Laura Betzig illustrates how widespread polygyny was in history.
The Jews were polygynous. The Old Testament recounts
Abraham had a son by his wife, Sarah; he had another son by Hagar, who was Sarah’s maid; and he had 6 sons by Keturah, after Sarah died. But some of his grandsons outdid him. Jacob had 12 sons by 4 women—6 by his wife, Leah; another 2 by his wife, Rachel; and another 4 by Bilhah and Zilpah, his wife’s maids.
David lived in an ivory palace, surrounded by ladies of honor and virgin companions; the Bible names one of his daughters, and 19 of his sons. But his son, Solomon, was much more ambitious than he was. “He had seven hundred wives, princesses, and three hundred concubines; and his wives turned away his heart” (1 Kings 11:3).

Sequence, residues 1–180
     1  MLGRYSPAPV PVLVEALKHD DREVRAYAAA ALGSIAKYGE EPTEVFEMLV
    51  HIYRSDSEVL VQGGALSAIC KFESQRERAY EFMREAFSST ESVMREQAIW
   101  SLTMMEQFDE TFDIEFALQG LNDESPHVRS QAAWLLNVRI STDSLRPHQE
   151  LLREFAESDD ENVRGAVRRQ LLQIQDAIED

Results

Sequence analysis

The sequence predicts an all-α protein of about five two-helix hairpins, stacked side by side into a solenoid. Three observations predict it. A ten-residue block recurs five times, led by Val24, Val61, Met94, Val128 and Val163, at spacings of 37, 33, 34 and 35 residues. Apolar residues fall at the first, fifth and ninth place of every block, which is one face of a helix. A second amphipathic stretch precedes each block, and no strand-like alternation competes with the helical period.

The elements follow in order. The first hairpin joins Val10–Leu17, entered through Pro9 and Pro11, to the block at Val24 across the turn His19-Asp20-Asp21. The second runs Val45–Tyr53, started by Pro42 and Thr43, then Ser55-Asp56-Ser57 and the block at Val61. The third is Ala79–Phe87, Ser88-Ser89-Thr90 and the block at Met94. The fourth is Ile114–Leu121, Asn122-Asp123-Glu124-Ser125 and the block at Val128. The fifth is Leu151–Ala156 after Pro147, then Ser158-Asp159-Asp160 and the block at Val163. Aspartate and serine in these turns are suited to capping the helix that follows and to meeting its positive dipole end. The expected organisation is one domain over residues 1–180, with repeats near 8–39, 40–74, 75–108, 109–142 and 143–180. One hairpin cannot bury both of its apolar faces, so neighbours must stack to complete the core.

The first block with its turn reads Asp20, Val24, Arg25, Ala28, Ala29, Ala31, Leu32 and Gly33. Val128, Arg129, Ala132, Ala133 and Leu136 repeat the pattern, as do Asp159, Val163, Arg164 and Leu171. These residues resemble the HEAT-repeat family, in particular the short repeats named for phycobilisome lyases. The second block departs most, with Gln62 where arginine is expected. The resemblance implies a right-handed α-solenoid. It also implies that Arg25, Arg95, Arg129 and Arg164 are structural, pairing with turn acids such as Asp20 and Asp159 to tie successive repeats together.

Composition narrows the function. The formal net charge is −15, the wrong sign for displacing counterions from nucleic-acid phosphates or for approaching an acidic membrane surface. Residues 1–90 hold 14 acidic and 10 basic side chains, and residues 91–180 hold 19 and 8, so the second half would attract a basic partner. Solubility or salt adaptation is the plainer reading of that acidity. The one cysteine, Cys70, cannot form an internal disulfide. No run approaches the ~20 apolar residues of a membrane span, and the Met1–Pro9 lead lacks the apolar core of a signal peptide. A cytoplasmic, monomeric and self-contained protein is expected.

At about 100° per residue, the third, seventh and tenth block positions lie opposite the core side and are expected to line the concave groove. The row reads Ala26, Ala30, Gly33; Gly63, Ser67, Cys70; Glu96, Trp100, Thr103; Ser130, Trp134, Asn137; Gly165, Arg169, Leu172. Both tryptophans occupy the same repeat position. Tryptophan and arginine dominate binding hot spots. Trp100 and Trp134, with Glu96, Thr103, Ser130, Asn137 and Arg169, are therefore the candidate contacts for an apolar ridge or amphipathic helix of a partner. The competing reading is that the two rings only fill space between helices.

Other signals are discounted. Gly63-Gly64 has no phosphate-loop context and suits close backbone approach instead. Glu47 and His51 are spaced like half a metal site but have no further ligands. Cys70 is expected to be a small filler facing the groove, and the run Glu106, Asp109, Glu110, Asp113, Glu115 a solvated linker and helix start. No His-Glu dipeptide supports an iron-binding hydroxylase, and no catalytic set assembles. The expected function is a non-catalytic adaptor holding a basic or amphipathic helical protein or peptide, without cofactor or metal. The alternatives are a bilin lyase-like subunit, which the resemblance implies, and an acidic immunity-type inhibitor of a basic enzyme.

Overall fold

The Hindus were polygynous. The Mahbharata tells us
pretty girls dance “by the thousands” when Arjuna marries the flawless princess, Draupadi. And the lord Krishna, whose 8 wives give him 80 sons, captures thousands of women from the evil Narakasura. After which, his first wife is flattered: “You live long with tremendous beauty and welfare. You are considered and worshipped as eldest of all 16,000 wives of Krishna.”
But in Europe, things were somewhat different. Charlemagne had several concubines and 4 wives. Wikipedia says Charlemagne had eighteen children over the course of his life with eight of his ten known wives or concubines. But the 4 legitimate wives were successive not concurrent. This was serial monogamy with some concubinage. It was not a harem.